Trauma is a pervasive problem. It results from exposure to an incident or series of events that are emotionally disturbing or life-threatening with lasting adverse effects on the individual’s functioning and mental, physical, social, emotional, and/or spiritual well-being.
Experiences that may be traumatic include:
- Physical, sexual, and emotional abuse
- Childhood neglect
- Living with a family member with mental health or substance use disorders
- Sudden, unexplained separation from a loved one
- Racism, discrimination, and oppression
- Violence in the community, war, or terrorism
Although trauma can occur at any age, it has particularly debilitating long-term effects on children’s developing brains. Often referred to as adverse childhood experiences (ACEs), exposure to these experiences is common across all sectors of society:
Protective factors, such as supportive relationships with family members, a teacher, or others in the community, can help shield individuals from the effects of trauma and build resilience to help overcome adversity and confront challenges. Trauma-informed approaches to care, including relational healing and trauma-specific treatments, can help patients begin processing their experiences in a healthy way.
THE SCIENCE OF TRAUMA
Although the field of trauma-informed care is still coalescing, our understanding about how people’s brains and bodies respond to trauma — and the negative long-term effects of toxic stress on health — is well understood. Toxic stress is an emotional and/or physical response that occurs when a person experiences strong, frequent, and/or prolonged adversity without adequate support.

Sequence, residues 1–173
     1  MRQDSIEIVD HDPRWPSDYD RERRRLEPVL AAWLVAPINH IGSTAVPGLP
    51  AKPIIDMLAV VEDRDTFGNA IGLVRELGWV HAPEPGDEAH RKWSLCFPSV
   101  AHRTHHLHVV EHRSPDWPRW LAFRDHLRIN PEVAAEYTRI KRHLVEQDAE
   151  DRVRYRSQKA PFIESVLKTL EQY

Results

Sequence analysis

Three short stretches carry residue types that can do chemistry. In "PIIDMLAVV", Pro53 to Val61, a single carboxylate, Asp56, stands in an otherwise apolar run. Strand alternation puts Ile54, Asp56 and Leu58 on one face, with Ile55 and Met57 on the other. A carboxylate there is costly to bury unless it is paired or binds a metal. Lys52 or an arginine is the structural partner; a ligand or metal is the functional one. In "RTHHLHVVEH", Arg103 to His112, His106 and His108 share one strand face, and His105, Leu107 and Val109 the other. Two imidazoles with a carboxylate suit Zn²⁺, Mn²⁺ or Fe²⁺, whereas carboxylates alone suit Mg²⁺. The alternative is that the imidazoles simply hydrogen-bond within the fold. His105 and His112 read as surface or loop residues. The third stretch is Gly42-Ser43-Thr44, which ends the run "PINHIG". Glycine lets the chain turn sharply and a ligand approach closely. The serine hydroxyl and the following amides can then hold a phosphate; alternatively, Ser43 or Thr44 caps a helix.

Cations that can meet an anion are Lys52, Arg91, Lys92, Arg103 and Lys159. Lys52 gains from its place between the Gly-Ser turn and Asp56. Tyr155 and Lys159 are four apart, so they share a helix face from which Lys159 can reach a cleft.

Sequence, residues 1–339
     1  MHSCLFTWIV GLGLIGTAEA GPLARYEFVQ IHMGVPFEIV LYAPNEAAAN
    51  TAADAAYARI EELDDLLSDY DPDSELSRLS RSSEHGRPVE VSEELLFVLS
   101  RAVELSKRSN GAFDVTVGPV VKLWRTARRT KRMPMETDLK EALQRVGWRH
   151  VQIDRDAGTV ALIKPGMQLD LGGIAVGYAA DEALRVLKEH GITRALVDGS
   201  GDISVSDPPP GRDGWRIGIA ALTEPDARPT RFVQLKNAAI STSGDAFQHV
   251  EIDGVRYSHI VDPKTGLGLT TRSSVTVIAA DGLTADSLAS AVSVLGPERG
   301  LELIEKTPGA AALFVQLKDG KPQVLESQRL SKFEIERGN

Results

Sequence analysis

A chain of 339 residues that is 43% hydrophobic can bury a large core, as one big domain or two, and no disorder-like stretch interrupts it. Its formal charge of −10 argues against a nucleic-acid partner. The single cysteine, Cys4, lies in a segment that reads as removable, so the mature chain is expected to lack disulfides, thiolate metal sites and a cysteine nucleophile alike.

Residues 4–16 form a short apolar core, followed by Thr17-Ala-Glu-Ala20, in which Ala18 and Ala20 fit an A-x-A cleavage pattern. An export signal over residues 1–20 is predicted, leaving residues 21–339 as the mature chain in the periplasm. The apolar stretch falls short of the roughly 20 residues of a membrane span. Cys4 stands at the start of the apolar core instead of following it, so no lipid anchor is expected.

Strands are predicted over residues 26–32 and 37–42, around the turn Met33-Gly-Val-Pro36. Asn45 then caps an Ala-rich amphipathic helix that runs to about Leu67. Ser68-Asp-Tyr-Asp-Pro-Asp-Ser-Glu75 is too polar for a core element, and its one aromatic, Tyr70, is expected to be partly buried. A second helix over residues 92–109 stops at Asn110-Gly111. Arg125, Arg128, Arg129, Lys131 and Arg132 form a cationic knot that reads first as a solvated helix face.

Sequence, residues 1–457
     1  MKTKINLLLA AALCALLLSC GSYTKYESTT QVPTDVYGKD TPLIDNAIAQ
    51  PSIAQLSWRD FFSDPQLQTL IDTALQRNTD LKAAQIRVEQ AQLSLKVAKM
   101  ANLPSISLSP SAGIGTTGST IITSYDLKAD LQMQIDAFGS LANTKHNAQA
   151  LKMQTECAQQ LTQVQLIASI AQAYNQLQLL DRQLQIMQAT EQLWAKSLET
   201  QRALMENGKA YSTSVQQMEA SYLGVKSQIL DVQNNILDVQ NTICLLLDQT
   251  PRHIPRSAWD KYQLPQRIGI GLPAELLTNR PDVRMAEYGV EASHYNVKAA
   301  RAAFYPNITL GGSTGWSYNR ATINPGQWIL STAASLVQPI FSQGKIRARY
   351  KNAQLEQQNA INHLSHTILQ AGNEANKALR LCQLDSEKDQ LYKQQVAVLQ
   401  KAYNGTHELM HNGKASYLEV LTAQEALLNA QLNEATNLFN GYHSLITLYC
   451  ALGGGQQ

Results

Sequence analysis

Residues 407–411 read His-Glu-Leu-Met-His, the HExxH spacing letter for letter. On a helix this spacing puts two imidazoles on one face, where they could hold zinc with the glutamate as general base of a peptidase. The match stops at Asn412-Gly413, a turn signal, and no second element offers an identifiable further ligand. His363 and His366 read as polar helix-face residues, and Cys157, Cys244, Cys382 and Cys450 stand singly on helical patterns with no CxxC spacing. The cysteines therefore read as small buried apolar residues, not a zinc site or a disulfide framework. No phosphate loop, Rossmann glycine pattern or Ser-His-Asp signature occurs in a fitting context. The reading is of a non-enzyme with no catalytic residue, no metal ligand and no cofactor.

How does trauma affect neurobiology and the physical development of children?
In the first 1,000 days of life, children’s brains are in a critical period of development. Trauma can negatively impact areas in the brain responsible for cognitive functions, such as short-term memory and emotional regulation. This is due in part to the fact that the body regulates stress through the release of two critical hormones: cortisol and adrenaline. Exposure to these stress hormones plays an important role in keeping people safe during times of danger; however, repeated or prolonged exposure is associated with poorer early childhood brain development.
What does experiencing childhood trauma mean for adults?
Adults who experienced trauma in childhood are often “wired” differently than those who did not. Their brains, primed to deal with nearly constant stress, can struggle to respond appropriately to situations that would otherwise appear normal and non-threatening. This partly explains why many adult trauma survivors struggle with depression, anxiety, and other issues related to emotional regulation. These resulting mental health issues can contribute to long-term difficulties maintaining healthy relationships, and lead to problems at school and/or work.